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This may be the Rolls-Royce of foreign bribery schemes, but only because it involves three former Rolls-Royce employees who pleaded guilty in a foreign bribery scheme. Interestingly, it was the UK company's U.S. subsidiary that was alleged to have bribed officials in Asia in order to secure a gas pipeline construction contract there.

Unfortunately for the U.S. based employees, their actions violated the Foreign Corrupt Practice Act which prohibits U.S. businesses from bribing foreign officials, or foreign government backed businesses for economic advantages.

Not surprisingly, the Trump administration nominee for the position of General Counsel of the National Labor Relations Board, Peter Robb, has recently been confirmed. Also not surprising, President Trump, who is heavily pro-business rather than pro-labor, nominated an attorney that is known to be anti-union, in addition to padding the board with conservative, pro-employer, board members.

For the first time in over a decade, Republicans have control of the NLRB, though the past decade has been mired by controversy held over from the Bush Administration. Although the NLRB was formed to help employees resolve disputes with their employers, the recent changes certainly shifts the focus from leveling the playing field for employees, to putting employers in a position of even greater power.

How Is Airbnb Tied to the Manafort Scandal?

The big story this week is that Manafort, the president's former campaign manager, has been indicted through Mueller's investigation.

The money-laundering allegations against Manafort have also entangled his daughter, Jessica Manafort, and the family's Airbnb businesses. Only in Washington. And Russia. And now New York. How does Airbnb have anything to do with this?

What If You're a GC for a Cannabusiness?

Marijuana tourism; it sounds like a business idea that pot-smokers dreamt up at a party.

But this is serious business with the financial potential to attract attorneys with more than the munchies. In California, one company just bought an old ghost town.

It could be part of the marijuana boom or a bust in more ways than one. In any case, here's what you ought to consider if you become general counsel to a cannabusiness:

ExxonMobil Case Fans Fire Around Ex-CEO

President Trump's Russia affair just got more complicated, but the latest twist is turning into a nightmare for a major corporation and its former chief executive officer.

Rex Tillerson, Secretary of State, was head of ExxonMobil three years ago. The company struck a deal with Russian oligarch Igor Sechin on behalf of Rosneft oil, but then the United States sanctioned Sechin for backing Russia when it annexed Crimea from Ukraine a year later.

Now the U.S. has fined ExxonMobil $2 million for violating the sanctions orders, the oil company is suing the government back, and Tillerson is about to quit his job.

Fed Appoints New General Counsel: Meet Mark Van Der Weide

Mark Van Der Weide, a legal star who has been rising for some time, has reached a zenith in the American economy.

The Federal Reserve Board has appointed him as general counsel, following Scott G. Alvarez, a 36-year-veteran of the agency, who is retiring. Van Der Weide beat out many other veteran attorneys for the position, having ascended steadily at the Fed since 2010.

"The Board gave thorough consideration to many highly qualified internal and external candidates and Mr. Van Der Weide was chosen for his exceptional skills and experience," the Fed said in a statement.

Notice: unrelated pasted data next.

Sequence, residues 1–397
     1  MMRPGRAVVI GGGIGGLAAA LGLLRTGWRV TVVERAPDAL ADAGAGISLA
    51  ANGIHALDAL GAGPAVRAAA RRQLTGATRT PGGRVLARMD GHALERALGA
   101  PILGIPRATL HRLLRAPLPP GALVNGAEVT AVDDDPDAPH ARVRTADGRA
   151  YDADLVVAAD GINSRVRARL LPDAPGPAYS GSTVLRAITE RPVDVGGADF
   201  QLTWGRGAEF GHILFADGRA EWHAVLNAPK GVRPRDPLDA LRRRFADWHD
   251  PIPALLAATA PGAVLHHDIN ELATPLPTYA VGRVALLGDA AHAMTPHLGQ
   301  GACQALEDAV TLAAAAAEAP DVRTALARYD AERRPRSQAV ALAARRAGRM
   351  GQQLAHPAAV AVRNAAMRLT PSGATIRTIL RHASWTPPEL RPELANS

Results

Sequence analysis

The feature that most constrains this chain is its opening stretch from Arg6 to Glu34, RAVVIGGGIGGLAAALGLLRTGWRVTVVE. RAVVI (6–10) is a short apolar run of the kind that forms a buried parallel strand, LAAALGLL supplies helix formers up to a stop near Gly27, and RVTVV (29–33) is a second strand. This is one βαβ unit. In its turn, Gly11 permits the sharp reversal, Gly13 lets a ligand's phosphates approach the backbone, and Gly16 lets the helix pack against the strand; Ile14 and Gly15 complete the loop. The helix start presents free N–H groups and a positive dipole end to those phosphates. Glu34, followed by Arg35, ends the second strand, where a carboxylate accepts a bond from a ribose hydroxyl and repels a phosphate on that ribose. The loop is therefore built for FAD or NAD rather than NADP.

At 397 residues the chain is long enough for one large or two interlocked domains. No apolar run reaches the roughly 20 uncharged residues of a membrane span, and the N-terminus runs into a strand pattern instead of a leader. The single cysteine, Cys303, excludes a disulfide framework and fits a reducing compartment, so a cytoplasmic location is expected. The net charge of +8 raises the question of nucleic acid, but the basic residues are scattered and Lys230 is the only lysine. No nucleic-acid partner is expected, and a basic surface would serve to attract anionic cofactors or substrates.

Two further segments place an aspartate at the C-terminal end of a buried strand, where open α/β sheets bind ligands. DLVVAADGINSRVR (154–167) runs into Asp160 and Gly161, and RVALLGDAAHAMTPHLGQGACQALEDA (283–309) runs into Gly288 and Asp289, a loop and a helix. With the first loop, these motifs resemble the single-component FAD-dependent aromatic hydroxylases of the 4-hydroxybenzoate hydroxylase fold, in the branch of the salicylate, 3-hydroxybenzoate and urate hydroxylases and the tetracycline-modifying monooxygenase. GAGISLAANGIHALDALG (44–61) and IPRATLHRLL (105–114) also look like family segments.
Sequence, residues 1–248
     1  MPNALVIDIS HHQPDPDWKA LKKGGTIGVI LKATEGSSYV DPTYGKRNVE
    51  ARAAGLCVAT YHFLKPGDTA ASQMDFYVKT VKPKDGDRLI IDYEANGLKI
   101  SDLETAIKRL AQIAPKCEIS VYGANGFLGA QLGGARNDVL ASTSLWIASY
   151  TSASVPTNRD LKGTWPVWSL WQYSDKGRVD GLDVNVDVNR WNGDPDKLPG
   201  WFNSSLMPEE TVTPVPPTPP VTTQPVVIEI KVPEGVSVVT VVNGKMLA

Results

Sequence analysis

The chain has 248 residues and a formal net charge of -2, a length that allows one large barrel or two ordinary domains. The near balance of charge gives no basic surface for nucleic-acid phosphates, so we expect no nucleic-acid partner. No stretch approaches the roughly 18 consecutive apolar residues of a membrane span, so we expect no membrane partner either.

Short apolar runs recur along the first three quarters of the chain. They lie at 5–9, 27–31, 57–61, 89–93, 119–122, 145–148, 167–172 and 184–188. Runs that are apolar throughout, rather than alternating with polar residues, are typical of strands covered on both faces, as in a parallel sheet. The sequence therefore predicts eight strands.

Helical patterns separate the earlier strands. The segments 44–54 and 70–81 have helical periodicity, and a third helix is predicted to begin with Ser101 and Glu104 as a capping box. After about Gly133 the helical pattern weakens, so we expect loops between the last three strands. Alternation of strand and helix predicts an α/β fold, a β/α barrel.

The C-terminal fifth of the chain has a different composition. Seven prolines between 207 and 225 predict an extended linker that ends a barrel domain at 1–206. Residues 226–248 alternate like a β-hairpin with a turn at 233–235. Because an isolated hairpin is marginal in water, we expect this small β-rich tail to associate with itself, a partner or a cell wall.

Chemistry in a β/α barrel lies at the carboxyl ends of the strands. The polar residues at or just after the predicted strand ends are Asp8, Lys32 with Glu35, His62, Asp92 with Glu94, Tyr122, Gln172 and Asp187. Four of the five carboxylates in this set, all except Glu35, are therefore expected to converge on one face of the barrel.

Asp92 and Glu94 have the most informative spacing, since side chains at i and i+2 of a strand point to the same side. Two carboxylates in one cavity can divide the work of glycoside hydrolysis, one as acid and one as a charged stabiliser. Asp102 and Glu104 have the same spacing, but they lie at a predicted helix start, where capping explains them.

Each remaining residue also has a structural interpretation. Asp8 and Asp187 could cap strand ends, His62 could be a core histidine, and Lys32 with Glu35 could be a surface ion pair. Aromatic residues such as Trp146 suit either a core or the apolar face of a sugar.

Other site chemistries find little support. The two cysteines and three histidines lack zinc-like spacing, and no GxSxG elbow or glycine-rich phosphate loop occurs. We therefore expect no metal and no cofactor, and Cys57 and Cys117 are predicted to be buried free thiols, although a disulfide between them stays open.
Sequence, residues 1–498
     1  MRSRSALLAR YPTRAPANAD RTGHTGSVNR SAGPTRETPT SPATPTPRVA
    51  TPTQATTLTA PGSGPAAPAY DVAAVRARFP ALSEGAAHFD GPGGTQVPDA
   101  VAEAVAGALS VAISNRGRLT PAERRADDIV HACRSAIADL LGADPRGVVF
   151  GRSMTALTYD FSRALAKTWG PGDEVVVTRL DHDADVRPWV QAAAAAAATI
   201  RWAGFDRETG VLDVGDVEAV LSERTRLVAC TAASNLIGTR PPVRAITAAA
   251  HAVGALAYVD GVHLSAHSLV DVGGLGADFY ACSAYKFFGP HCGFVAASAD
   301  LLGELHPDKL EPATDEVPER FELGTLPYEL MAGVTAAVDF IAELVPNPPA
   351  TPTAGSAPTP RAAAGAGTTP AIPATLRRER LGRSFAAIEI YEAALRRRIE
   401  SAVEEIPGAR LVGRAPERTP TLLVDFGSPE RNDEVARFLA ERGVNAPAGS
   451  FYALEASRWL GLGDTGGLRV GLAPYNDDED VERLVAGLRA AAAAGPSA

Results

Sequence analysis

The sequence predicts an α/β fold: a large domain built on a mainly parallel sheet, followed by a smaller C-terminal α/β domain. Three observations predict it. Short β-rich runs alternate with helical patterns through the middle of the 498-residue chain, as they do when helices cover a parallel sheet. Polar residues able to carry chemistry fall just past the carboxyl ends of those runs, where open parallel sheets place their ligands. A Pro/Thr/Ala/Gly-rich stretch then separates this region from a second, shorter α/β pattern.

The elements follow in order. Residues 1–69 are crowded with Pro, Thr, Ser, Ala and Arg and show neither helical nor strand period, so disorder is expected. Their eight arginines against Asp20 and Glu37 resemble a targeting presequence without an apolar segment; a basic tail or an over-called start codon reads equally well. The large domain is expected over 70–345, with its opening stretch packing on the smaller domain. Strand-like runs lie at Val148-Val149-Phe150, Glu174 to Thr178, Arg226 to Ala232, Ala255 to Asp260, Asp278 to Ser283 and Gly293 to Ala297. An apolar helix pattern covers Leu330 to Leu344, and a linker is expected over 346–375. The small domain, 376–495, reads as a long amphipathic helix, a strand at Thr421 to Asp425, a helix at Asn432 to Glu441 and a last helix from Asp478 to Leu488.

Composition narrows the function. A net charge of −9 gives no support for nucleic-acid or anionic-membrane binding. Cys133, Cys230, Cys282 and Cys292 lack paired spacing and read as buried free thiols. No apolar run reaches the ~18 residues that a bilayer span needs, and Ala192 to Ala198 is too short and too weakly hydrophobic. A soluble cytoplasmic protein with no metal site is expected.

Traveling Abroad With a Laptop? Here's What Employees Should Know

Traveling abroad? Don't forget your passport, your laptop, and your export license.

Wh-what export license? Oh, maybe your company attorney didn't tell you that your laptop requires an export license.

That's right, the United States requires a license for certain technology and software going abroad. It's not just to control weapons technology, either.

Corporations: When Is It Time to Speak Up?

One appellate court said President Trump's latest travel ban "drips with religious intolerance, animus and discrimination." It's one thing for a court to say that, but should corporations ever speak up against policies they find destructive?

Major corporations, like Ford, Google, and Facebook, have spoken out loudly against the president's policies. They have become part of a diverse choir for corporate speech, causing companies to consider the difficult question about when to exercise their First Amendment rights.

How Businesses Are Adapting to Overtime Rule Uncertainty

Sometimes you just have to laugh about life's twists and turns. Especially since Donald Trump became president and started rolling back Barack Obama's initiatives, like the proposed rule on overtime wages.

The proposed overtime increases are long overdue and now appear to be overdone. That's because the changes were to take effect in December 2016, but a judge granted a preliminary injunction to stop them in November, and then Trump put a freeze on the regulations in January.

Nearly four months after the judge ruled, there is no appealing the injunction and the reality is setting in: overtime increases are not coming anytime soon.

President Trump campaigned on reducing government regulations and he didn't wait long to start moving in that direction. On January 30th, Trump signed an executive order that would require federal agencies to identify two regulations for elimination for every one new regulation they promulgate. Consider it a "buy one, lose two" deal.

Now, a coalition of consumer, labor, and environmental groups has filed the first suit challenging that order, claiming it oversteps the president's authority and violates administrative law.